Louisville Part 2

Jet lag remains a problem for some of us though we are all seemingly improving. I was awake at 3:30am again this morning but managed to get back to sleep until 5am. Helen woke just before 6am. At least one person was awake upstairs again because I could hear the floors creaking but no one has made an appearance yet. I had a teleconference call today at 6am so I needed to be up early anyway.

Yesterday morning we went to downtown Louisville in the morning and walked around the Louisville Waterfront park. It is privately operated park that runs alongside the Ohio river and has numerous features including an Abraham Lincoln memorial (Abe was born in Kentucky), a water play area and series of walkways and paths running alongside the river. We parked at the one end and basically walked to the other end and back.

It was well into the 30 degrees C yesterday and relatively humid as well. When we got to the water play area some of the children (including H!) took the opportunity to run through the water sprayers. M got so wet he had to take his shirt off to ring it out. All of the other adults were sitting watching their kids play and were clearly amused by this bunch of adults playing in the water as well.

Louisville also has some famous bridges that cross the Ohio River. One of them (Big Four Bridge) was completed in 1895 already. It was originally a rail bridge but now is open only to walk or cycle over. It is 770m long (2500 feet). It has a ramp from the Waterfront park. We didn’t take it over but elected to rather drive across one of the other road bridges (they are also named including, yes you guessed it, the Abraham Lincoln bridge). The other side is Indiana so we have now been to Tennessee, Indiana and Kentucky on this trip so far. We needed to do some shopping so we found a Walmart in Indiana. It was massive. K described it as a mall not a shop. It has everything you could need so that is a pretty accurate description.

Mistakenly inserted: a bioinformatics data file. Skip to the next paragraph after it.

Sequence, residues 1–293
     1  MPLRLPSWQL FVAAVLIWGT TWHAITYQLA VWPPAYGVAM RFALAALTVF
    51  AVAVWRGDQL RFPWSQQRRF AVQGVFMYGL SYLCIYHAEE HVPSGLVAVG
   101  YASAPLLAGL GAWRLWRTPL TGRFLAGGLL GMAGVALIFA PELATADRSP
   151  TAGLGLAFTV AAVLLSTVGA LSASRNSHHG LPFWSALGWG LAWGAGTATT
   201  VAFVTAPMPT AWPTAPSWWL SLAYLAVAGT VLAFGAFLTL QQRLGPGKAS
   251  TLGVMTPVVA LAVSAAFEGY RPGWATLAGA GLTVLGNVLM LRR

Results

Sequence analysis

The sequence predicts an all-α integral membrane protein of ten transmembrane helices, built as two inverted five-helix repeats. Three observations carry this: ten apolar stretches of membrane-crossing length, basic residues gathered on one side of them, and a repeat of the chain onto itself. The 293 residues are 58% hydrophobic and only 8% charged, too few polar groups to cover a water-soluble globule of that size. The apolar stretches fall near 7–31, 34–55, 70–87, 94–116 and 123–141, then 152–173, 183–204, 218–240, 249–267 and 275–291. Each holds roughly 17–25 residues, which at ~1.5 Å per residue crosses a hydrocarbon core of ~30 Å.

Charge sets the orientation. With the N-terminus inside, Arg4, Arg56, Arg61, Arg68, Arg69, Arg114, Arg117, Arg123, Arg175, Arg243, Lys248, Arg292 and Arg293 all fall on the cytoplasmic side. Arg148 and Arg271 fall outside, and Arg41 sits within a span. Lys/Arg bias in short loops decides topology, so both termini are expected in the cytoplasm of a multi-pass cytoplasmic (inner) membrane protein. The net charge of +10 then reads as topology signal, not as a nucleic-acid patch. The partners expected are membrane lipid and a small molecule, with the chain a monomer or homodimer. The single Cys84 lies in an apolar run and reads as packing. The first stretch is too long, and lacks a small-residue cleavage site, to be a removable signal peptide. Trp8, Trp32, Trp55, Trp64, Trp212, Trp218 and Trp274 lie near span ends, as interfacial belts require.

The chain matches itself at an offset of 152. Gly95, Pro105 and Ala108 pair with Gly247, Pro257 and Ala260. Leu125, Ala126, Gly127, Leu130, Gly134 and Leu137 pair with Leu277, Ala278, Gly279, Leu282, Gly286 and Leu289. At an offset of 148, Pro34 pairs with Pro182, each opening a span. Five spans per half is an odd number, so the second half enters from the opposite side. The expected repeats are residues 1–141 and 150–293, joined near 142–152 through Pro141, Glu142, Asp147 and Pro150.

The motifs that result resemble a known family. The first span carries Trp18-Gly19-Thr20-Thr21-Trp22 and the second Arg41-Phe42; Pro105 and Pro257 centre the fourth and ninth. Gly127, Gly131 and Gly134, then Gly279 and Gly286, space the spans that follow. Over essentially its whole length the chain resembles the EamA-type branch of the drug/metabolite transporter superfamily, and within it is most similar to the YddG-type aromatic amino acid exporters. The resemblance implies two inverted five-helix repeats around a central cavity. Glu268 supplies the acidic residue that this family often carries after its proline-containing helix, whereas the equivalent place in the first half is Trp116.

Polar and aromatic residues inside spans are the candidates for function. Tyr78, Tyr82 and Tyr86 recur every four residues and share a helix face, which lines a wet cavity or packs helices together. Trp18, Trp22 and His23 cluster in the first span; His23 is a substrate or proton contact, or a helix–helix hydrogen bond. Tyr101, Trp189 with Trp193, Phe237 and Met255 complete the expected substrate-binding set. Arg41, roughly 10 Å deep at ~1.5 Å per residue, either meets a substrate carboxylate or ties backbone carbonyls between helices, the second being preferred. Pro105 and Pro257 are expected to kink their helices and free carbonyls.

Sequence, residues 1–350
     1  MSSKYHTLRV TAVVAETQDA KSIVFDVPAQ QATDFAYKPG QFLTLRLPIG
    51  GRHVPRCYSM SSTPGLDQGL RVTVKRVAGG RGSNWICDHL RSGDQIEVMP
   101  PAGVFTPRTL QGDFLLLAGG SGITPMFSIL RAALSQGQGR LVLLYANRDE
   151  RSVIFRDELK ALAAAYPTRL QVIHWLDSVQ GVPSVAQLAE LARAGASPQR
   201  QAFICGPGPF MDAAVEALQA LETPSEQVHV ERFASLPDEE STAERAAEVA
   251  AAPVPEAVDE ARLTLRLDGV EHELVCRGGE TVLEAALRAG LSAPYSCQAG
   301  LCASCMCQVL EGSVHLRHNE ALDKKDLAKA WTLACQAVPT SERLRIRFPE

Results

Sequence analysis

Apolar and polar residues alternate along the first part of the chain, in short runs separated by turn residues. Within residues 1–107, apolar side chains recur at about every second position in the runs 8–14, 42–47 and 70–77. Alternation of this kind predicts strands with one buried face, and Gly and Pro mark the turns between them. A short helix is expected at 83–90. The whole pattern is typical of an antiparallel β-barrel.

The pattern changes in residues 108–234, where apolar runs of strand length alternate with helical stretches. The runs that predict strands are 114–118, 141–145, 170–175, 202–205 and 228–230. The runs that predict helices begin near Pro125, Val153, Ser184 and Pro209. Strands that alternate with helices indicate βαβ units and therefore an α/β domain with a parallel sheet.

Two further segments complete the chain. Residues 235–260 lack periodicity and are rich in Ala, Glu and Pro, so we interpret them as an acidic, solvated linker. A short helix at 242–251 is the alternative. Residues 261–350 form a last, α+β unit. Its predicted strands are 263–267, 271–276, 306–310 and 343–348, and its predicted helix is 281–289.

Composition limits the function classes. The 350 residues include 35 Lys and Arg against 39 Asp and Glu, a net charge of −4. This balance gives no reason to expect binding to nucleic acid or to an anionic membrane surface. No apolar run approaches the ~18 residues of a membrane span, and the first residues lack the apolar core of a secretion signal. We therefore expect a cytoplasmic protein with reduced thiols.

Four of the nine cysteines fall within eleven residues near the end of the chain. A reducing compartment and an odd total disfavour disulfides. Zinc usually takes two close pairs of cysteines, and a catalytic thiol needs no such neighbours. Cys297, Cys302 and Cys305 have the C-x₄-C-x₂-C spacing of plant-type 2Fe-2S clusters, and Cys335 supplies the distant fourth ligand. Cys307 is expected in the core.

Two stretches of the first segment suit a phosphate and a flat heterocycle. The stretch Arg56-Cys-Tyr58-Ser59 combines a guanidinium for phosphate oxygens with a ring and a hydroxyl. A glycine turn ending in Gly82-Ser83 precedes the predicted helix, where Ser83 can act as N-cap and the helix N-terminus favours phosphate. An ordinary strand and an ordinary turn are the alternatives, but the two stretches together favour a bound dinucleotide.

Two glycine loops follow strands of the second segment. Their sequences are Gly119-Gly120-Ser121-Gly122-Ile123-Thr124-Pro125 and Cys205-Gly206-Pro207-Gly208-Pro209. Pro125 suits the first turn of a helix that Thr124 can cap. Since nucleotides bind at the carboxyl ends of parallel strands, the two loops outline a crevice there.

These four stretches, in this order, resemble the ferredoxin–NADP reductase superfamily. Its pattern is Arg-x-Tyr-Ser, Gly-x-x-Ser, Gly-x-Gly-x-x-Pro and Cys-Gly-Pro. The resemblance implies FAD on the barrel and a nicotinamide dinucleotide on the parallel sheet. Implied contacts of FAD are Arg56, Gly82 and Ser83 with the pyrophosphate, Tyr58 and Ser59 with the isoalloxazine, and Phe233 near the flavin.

We headed back to our house for lunch and then after lunch we headed to Southern Baptist Theological Seminary. You might wonder why we would go there but actually we had two good reasons. Firstly, K was taking some SA goods to people they know who are studying there. Secondly, the President of SBTS is pretty famous in Evangelical circles – a guy called Al Mohler and both H & S regularly listen to his podcasts. Al Mohler has transformed the seminary since he was appointed in 1993. His story is worth watching if you haven’t already. You can find it here: https://youtu.be/b5vS3dgyams

The people who K had gifts for had agreed to show us around the seminary. It was a great experience and one that S described as a highlight of the trip so far. The facilities are fantastic and include their own hotel even. If we had known about the hotel we probably would have stayed there rather than in the AirBnB that we booked. They have a gym, an indoor pool, an indoor running track and obviously everything they need to run a seminary including an impressive library. The library covers 4 floors and included displays of a mummy (not kidding), coins from Biblical times, a Talmud scroll, CH Spurgeon’s Bible he used up until his death and numerous other artifacts. It was like walking around a museum and not really a library! They also have an incredible faculty including numerous well known scholarly authors (Schreiner, Ware, Whitney, Mohler, Jones, Hamilton, Blount, Bosch, Haykin, Gentry) to name just a few.

Spurgeon’s Bible

It might seem strange to y’all that it was a highlight so far of our trip that we visited a seminary but I guess it shows that seeing things that have meaning to you personally are more valuable than visiting places without any personal significance. It really was an enjoyable afternoon. The people who showed us around were really lovely and they are sacrificing significantly to be at the college. To give you an idea how much they are sacrificing, they don’t use their air-conditioning in their apartment as they can’t afford the electricity cost. In the current heat I am not sure how they are possibly coping. He also has to work 20 hours per week to supplement their savings so that they have sufficient cash to live on during their visit. It was a privilege to meet them.

We spent the rest of the day at the house and cooked our own dinner of steak and ratatouille (both of which were excellent).

Until tomorrow …

P, K (for organizing the visit to SBTS), S (because he cooked the steaks), H, C, M & O

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